An anecdote reveals how we stifle innovation and entrepreneurship. Regular readers know I lowered my ecological footprint over 90 percent in under three years, improving my life. Governments and corporations can do what I did—once they choose longer to profit from hurting other people by polluting, even if legal.
A reporter profiling me said she wanted to pollute less too but couldn’t figure out what to do about disposable Keurig coffee capsules. She asked: could I help?
(Though I’m not sure it applies in her case, her concern follows a pattern that happens a lot: someone flies around the world on a whim and air conditions unnecessarily, but focuses their attention on something orders of magnitude less impactful and throws up their hands: “what can I do?? I’m stuck on coffee capsules. How could I not fly to Paris?”)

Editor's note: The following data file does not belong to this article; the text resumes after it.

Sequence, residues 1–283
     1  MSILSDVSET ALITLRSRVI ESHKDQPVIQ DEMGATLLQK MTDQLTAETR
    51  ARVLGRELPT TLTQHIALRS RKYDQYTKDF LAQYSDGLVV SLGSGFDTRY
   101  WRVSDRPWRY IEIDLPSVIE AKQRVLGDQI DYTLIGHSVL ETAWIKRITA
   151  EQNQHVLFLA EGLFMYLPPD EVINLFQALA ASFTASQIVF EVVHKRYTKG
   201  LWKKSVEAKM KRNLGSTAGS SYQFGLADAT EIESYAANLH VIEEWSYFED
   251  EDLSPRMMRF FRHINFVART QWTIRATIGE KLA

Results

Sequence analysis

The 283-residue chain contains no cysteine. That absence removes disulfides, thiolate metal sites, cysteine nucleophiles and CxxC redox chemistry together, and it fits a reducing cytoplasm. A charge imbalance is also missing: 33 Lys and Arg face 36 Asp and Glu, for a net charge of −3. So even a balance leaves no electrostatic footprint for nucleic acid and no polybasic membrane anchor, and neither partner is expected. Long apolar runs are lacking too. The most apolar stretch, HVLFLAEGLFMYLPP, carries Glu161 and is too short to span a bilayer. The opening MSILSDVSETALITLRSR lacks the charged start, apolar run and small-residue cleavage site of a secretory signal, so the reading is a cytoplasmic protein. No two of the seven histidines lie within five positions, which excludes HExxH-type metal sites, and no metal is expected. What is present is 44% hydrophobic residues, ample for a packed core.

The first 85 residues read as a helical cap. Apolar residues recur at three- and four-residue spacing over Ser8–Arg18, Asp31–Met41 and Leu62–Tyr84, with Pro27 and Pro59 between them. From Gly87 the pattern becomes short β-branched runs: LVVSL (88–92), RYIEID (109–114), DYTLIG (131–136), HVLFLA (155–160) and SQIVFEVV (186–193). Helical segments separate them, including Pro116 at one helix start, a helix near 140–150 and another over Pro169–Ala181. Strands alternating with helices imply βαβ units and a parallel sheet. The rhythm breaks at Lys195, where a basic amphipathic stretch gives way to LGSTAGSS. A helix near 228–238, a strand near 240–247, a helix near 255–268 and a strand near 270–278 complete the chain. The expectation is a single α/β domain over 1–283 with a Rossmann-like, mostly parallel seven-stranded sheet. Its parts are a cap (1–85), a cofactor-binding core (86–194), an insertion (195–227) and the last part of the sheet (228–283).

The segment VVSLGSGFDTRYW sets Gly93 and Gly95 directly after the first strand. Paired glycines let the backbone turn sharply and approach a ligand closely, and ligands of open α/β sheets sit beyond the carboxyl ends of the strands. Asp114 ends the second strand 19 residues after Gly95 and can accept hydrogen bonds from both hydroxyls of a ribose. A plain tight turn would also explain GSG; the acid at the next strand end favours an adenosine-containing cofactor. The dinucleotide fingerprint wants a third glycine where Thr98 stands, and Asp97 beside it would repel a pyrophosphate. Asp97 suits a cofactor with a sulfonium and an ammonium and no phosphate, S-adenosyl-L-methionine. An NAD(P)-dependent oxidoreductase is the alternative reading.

I said, “I don’t drink coffee so haven’t tried to solve that problem, but I can tell you the process for you to. Don’t use it for a while. You won’t die. One of two things will happen. You may stop drinking coffee. If so, problem solved. If not, you’ll see people drank coffee without them for centuries and find a solution. Maybe it will involve a french press.”
She said, “Oh yeah, a friend gave me a french press. It’s in my cupboard. I guess I can use it.”
The moral of this story: How not to stop polluting: keep polluting; how to stop polluting: stop polluting.
No one will die. When we face problems we will solve them. The worst way to learn if we can fly planes across oceans without polluting is to keep flying planes with jet fuel.
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